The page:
Pyrenean Brook Salamander or Pyrenean Brook Newt

Calotriton asper  formally Euproctus asper

Euprocte des Pyrénées

Long classified in the genus Euproctus this urodele is now classified in the genus Calotriton because it belongs to an evolutionary line quite distinct from that of the "true Euproctes" of Corsica and Sardinia: it is actually closer to the great newts of the genus Triturus (Marbled Newt, Crested Newt) than Euproctus.

The head, trunk and tail are bristling with characteristic conical micro-warts (hence the name of the species, "asper" from the French "aspérité") and the fingers end in blackish pseudo-claws that allow the animal to effectively grip immersed rocky substrates, even where there is a noticeable current. The general colour of the body is blackish, brownish or greyish, with the exception of a yellow vertebral band (sometimes yellow spots are scattered on the flanks) and a red-orange belly.

They occupy rivers, streams and small lakes with clear, well oxygenated waters where they spend the whole year providing the conditions allow it. At altitude, however, the entire body of water is often covered by ice and snow in winter, forcing them to stay in deep, frost-free places such as crevices and tunnels. In some places such as the Grotte de Siech in Ariége there are populations that live in underground rivers, streams and pools.

They can occasionally be observed at low altitude from 150 m on the Spanish side and 250 m on the French side, but the vast majority of populations occupy the mountain and sub alpine levels extending roughly between an altitude of 1000 to 2000 m. They are not a species of higher altitudes, rarely found above 2,200 m.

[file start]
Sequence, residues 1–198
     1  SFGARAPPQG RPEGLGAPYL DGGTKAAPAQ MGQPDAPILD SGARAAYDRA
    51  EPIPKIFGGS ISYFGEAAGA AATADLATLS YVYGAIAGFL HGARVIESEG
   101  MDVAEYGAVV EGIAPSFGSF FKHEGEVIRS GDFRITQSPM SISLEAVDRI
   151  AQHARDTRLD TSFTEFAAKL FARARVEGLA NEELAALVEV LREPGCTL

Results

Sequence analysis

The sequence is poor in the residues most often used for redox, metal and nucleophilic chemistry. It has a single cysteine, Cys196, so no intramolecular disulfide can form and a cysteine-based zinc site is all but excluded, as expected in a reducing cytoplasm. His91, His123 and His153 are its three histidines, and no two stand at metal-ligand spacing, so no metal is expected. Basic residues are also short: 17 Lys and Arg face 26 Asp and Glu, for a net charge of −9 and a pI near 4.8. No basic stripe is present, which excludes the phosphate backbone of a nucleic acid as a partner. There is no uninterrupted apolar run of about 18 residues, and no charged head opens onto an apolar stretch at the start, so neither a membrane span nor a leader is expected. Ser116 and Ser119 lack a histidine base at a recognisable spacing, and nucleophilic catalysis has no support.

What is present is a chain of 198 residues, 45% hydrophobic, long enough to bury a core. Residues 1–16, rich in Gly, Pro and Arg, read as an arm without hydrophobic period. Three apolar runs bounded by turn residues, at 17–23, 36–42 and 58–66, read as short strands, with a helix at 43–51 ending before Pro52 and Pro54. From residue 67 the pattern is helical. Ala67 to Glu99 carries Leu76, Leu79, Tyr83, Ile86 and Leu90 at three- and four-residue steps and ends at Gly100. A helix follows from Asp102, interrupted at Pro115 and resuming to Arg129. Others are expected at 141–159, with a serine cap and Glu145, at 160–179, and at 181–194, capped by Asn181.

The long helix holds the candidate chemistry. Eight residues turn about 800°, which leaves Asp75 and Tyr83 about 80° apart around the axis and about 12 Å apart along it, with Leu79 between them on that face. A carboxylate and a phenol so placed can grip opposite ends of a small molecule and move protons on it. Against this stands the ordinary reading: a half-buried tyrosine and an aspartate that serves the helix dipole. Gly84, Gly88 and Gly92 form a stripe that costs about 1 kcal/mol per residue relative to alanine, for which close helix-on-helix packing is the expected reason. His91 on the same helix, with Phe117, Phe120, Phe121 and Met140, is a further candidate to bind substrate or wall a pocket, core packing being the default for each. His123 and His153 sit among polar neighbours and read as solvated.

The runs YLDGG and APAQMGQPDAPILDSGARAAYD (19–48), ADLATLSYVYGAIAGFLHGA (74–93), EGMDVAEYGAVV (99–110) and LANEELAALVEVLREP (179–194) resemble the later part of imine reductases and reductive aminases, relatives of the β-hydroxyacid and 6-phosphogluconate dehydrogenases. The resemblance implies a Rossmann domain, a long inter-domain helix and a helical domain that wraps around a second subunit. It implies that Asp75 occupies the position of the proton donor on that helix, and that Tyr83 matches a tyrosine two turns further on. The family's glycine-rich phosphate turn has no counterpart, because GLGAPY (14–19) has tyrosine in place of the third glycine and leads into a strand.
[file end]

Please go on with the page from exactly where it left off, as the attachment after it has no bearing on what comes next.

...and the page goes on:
The breeding season begins as soon as the water starts to warm up in spring. In order to "seduce" the females, the males adopt a very original posture of raising the tail so that it forms practically a right angle with the body. This visual signal is accompanied by a release of pheromones that stimulate the female. During mating, which lasts several hours, the two partners remain closely entwined, the male powerfully gripping the female by means of its tail. A few days following mating the females begin to lay eggs one by one under submerged stones, usually in shallow, low-flow waters. The eggs hatch after about six weeks; the larvae have external gills and are entirely carnivorous. They may over winter one or more times before metamorphosis and become mature in two or more years, depending on altitude, with the females taking longer. The juvenile newts are a dark colour with a thin, yellow line along the spine.

Lifespan can be as much as 20 years.

They consume a mainly aquatic diet of invertebrates such as small molluscs, crustaceans or insects.

Listed as vulnerable in France threats are mainly as a result of human activity.  Salmonids, (Brown trout, Salmon, Arctic char, etc.), are the main predators of the larvae (the adults seem to be spared), but these fish are especially formidable food competitors because they feed on the same prey. This is a significant threat as about 70% of Pyrenean lakes were historically fish free before the introduction of these species and in many cases there are now localised extinctions of amphibians in these lakes. Releases of salmonids are still continuing today at a steady pace and it’s yet another example, (along with forestry in this case), of the manner in which exploitation or commercialisation of the natural habitat is causing great harm to native species.